Tax take from POGOs improving, says BIR

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    The Bureau of Internal Revenue (BIR) said several Philippine offshore gaming operator (POGO) service providers have reached out to the agency to comply with tax regulations, thus collections from this sector are already improving.

    This comes after the recent shutdown of POGO service provider Great Empire Gaming and Amusement Corp. (GEGAC). The BIR has lifted the suspension after the company agreed to settle the estimated P1.3-billion tax assessment.

    Arnel Guballa, BIR deputy commissioner, told reporters in a press briefing at the Department of Finance (DOF) office in Manila last week the BIR’s tax collections from POGO foreign workers has amounted to P1.63 billion from January to August of this year.

    The BIR’s collections are expected to have improved from September onwards with the closure activity serving as a fear factor for delinquent POGO service providers.

    “Our collection is improving because they know that we’re doing enforcement activity. As you know our dialogue with them had lapsed. We sent them notices and they are not complying, so we did the raid,” Guballa said.

    Asked if other POGO service providers have reached out after the closure of GEGAC, Guballa said: “Yes, they are afraid that (they will be closed down also).”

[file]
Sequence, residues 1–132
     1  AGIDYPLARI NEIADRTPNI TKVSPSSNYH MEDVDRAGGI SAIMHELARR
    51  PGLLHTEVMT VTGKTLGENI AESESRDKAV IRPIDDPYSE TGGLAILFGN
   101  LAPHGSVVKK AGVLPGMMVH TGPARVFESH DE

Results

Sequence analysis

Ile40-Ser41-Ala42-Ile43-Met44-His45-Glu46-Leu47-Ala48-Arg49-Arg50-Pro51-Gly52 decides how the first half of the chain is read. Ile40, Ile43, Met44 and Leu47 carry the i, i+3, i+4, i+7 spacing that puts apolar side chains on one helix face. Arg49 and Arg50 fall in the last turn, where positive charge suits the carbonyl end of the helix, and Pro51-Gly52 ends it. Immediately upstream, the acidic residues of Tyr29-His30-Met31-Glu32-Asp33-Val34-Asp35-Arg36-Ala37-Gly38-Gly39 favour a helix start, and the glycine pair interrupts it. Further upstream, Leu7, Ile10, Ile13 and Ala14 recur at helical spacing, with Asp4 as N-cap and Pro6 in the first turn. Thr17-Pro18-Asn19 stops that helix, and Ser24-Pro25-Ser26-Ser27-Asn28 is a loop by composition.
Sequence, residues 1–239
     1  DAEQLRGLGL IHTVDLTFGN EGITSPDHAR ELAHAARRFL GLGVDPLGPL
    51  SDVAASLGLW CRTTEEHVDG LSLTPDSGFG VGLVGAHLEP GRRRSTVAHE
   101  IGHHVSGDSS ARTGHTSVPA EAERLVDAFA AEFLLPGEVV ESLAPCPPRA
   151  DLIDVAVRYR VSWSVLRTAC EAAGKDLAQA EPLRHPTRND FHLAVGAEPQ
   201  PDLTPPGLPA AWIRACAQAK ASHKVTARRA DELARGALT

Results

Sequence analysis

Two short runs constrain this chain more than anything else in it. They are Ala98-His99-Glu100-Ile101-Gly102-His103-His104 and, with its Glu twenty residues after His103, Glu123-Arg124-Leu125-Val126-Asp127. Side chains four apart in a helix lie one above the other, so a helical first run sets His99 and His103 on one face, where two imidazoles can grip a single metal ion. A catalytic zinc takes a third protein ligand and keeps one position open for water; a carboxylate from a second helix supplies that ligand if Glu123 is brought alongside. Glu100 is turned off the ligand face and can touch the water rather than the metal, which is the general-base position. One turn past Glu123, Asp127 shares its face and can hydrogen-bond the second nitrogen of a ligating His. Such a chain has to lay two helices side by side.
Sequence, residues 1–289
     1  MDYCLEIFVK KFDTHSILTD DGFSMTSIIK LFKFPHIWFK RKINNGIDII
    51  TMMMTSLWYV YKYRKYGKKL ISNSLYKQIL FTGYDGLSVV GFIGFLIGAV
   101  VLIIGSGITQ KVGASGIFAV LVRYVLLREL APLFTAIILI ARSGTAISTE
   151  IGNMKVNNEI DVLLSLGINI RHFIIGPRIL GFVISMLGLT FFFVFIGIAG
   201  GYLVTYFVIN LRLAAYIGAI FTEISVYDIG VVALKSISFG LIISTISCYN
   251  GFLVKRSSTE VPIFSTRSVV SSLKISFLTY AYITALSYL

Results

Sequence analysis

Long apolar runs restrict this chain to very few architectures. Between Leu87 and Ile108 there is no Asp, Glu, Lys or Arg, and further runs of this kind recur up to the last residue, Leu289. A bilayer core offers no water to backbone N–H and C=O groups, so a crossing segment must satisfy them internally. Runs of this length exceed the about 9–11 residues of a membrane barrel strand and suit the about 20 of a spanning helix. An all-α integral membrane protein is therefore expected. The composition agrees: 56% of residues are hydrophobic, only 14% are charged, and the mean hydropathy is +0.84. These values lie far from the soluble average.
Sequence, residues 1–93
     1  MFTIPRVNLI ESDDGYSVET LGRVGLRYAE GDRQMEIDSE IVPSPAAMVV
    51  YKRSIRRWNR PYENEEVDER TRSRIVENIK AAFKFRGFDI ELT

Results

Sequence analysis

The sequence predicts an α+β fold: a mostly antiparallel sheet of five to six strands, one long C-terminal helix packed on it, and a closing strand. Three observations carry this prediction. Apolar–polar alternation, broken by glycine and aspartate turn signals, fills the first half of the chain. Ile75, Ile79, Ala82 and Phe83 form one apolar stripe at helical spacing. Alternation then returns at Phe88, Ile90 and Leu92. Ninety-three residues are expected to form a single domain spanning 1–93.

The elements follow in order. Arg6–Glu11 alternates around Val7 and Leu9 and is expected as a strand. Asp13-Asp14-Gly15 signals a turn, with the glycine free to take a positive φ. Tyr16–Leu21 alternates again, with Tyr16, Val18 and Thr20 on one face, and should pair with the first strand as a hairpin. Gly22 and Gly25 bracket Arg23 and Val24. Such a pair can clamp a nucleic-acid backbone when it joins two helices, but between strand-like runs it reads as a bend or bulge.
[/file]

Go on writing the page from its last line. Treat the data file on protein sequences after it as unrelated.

Guballa said based on data of the BIR and other government agencies, there are 218 POGO service providers with 108,914 foreign workers.

    He also said the processing of tax identification numbers of the foreign workers is ongoing.

    “The registration is ongoing… We are continuously counting and tabulating all this,” Guballa said, adding that since most of the foreign workers have Chinese names that were spelled or sounded alike, the processing becomes a bit more difficult.

    Guballa also reported in the press conference that some of the Chinese workers transfer from one service provider to another. This is not allowed, said DOF officials including Carlos Dominguez, DOF secretary, pointing out that if they have a work permit, they should only be working for the company that sponsored their work visas.

    Dominguez said the ongoing enforcement activity of the BIR against delinquent POGO service providers will not only boost revenues of the agency, but will also benefit other government agencies such as the Philippine Amusement and Gaming Corp. and the Bureau of Immigration.